The color that the markings emit in the dark may not be the same color as they reflect in daylight.
The dye or ink may simply filter out some wavelengths of light emitted by the photoluminescent layer, allowing others to pass. Alternatively the dye or ink may be excited by the light emitted by the underlying photoluminescent material and may emit its own light as a response to that excitation.
The dye or ink may itself be photoluminescent with a different color light from that of the layer beneath it.
Preferably the base photoluminescent layer is yellow more specifically yellow/green. Preferably the pigment has a red color but may be another color. The pigment may be a dye, such as POLYVIN MATT FLUORESCENT RED PM 1256 which can be obtained from GIBBON inks and coatings of 25 Deer Park Road, Wimbledon.
The pigment may have incorporated in it a compound which is impervious to UV light. Blocking UV light may have the advantages disclosed hereinbefore.
According to a ninth aspect of the invention we provide a photoluminescent sign or markings having a photoluminescent layer and a dye, or other coloring, overlaid above the photoluminescent layer, the dye being such that photoluminescent light is transmitted through it, but with a changed wavelength spectrum to give a photoluminescent light of a different color to that of the photoluminescent layer.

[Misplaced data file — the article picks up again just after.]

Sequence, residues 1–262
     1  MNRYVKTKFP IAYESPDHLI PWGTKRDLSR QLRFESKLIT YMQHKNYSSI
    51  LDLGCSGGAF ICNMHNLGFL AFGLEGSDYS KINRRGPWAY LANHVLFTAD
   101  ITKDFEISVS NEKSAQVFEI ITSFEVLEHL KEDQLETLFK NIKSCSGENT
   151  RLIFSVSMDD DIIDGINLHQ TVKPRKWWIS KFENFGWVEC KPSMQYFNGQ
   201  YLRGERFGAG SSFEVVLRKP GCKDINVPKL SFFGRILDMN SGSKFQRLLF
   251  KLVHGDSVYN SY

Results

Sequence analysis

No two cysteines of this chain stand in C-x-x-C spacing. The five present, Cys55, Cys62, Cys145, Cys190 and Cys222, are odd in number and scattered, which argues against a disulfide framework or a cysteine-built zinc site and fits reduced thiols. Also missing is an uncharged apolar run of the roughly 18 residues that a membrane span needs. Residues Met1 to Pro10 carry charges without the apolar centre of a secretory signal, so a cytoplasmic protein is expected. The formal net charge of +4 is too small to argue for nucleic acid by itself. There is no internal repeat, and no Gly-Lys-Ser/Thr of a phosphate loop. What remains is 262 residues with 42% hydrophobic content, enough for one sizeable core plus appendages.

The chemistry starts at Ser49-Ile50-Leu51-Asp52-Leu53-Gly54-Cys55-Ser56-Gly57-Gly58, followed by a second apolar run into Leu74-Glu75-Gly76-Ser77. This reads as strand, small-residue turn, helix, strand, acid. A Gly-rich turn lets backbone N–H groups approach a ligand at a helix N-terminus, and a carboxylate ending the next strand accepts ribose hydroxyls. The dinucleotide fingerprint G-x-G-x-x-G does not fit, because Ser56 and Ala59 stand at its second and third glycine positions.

Instead of transmitting some wavelengths of light emitted by the photoluminescent layer the dye could emit light of its own.
Preferably, the sign or markings has a first region in which the photoluminescent layer is overlaid by the dye which modifies the light emitted to produce light of a different color, and a second region in which the photoluminescent layer is not covered by the dye and emits light of its natural color.
There may be more than one layer of photoluminescent material provided with the dye, or other coloring, being provided between the different photoluminescent layers. An advantage of this is that the intensity of the light is increased but a different color portion is still provided.
Preferably the first or second regions define letters, or a word, or an information—giving graphic symbol.
The dye, or other coloring, may contain mixed Xylenes, 2-Butoxyethanol and Cyolohexanone as active ingredients.
The active ingredients may be provided in the proportions Xylenes <10%, 2-Butoxyethanol <5% and Cyolohexanone <15%.
According to a tenth aspect of the invention we provide a photoluminescent material or member which is also reflective.
Preferably the material or member is retro reflective.
The member or material may be provided in the form of a sheet of material.